The Debate

That Enthusiasm Thing

Turnout in the Republican primary in New Hampshire hit a new high. But the numbers fell far short of remarkable.

I’ll be packing up and heading home from New Hampshire tomorrow, but just wanted to follow up briefly on one of the points I made a couple of times yesterday – the fact that there appeared to be an enthusiasm gap among Republicans, at least compared to what I saw last time I was here.

I mentioned that I got the feeling that the campaigns weren’t as visible, and it seems I wasn’t alone in getting that impression. The New Hampshire Union Leader ran a front page story this morning suggesting the same thing.

“Campaign supporters gathered in Manchester Tuesday night to cheer on their favorite candidates, but throughout the day, few stood outside the polls in a primary race that saw smaller than expected turnout in many cities and towns,” it said.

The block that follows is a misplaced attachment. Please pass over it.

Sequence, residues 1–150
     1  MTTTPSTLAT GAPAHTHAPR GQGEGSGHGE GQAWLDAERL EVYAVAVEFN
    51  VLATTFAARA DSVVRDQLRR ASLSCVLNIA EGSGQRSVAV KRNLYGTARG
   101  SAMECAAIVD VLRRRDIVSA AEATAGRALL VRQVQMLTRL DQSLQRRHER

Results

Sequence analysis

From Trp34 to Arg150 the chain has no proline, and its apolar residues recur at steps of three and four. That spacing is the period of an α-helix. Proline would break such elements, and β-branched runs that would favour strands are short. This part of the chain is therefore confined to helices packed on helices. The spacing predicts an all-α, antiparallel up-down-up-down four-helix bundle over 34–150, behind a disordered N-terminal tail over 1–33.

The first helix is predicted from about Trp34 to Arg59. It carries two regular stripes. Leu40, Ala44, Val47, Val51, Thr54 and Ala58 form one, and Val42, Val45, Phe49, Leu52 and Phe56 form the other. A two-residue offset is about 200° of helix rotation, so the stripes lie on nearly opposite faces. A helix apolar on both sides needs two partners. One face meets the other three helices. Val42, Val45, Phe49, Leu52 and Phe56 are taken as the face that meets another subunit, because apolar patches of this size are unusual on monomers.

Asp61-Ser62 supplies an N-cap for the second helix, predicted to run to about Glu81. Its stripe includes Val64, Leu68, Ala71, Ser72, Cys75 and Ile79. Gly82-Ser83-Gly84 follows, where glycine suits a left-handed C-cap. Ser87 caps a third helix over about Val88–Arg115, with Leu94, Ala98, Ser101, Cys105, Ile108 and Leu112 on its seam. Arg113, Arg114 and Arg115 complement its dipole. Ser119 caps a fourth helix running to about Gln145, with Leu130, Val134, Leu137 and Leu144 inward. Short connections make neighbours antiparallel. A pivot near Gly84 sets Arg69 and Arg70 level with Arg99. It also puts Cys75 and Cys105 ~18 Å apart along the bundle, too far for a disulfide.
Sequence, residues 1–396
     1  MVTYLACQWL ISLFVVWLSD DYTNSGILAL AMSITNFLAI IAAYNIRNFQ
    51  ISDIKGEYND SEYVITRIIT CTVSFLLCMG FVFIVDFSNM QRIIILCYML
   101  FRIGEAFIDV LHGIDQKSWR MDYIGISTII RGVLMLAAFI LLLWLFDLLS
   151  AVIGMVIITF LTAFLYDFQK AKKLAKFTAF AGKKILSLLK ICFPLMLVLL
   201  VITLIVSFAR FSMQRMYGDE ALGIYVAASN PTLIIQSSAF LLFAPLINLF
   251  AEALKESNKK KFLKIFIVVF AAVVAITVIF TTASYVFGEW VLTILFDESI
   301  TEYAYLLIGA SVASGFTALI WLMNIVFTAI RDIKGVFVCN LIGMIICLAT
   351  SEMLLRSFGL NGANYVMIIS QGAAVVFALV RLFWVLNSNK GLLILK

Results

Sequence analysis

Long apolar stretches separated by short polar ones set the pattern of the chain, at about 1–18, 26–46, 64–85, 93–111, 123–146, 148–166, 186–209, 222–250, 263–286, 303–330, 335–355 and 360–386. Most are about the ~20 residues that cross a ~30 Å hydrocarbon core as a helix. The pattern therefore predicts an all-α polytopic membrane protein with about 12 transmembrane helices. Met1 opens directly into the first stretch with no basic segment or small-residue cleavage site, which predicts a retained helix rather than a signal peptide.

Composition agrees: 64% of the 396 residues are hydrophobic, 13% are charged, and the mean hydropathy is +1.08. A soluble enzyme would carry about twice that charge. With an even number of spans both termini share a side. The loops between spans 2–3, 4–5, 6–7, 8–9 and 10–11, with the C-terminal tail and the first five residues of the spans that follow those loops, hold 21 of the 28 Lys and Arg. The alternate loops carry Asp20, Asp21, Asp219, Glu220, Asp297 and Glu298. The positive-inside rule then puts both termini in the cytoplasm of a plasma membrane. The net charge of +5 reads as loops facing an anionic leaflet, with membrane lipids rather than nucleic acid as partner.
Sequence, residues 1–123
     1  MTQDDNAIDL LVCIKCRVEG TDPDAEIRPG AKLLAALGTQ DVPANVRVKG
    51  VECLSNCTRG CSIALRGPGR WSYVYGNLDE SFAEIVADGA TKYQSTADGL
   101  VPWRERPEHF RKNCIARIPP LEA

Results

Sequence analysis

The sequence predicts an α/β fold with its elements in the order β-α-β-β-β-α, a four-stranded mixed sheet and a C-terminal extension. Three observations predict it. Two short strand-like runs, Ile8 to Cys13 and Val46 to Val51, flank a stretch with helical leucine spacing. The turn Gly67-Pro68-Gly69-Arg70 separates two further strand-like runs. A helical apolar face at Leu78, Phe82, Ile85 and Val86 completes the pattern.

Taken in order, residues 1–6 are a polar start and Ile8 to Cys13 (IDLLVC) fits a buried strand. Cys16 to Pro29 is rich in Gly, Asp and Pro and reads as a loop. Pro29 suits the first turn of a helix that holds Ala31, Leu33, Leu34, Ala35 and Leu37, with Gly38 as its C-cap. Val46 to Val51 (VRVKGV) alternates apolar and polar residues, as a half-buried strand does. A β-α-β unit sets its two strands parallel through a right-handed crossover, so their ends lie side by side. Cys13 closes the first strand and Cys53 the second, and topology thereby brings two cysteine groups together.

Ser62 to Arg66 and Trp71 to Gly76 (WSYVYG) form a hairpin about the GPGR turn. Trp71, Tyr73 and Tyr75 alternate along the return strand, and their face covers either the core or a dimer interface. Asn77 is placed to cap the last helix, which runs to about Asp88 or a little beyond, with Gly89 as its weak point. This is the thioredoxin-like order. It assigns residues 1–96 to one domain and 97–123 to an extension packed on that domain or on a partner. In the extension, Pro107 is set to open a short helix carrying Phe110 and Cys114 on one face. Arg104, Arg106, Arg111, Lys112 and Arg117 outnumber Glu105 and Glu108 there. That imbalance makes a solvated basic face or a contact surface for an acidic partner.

“Somersworth City Clerk Diane Dubois said that after visiting each of the city’s five wards throughout the day, she was shocked to see no one campaigning or holding signs.”

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Turnout in the primary actually did end up beating the previous high, coming in at 248,000 compared with just under 240,000 in 2008. But that falls far short of the kind of enthusiasm that saw almost 290,000 vote in the 2008 Democratic primary, and with Iowans also failing to turn out in the numbers Republicans must have been hoping for, it’s difficult to describe the Republican base as highly energized.

That doesn’t make it easy for Barack Obama by any stretch of the imagination. But with glimmers of hope with the drop in the unemployment rate, to 8.5 percent, things look at least a little less bleak for the president than they did only a few months ago.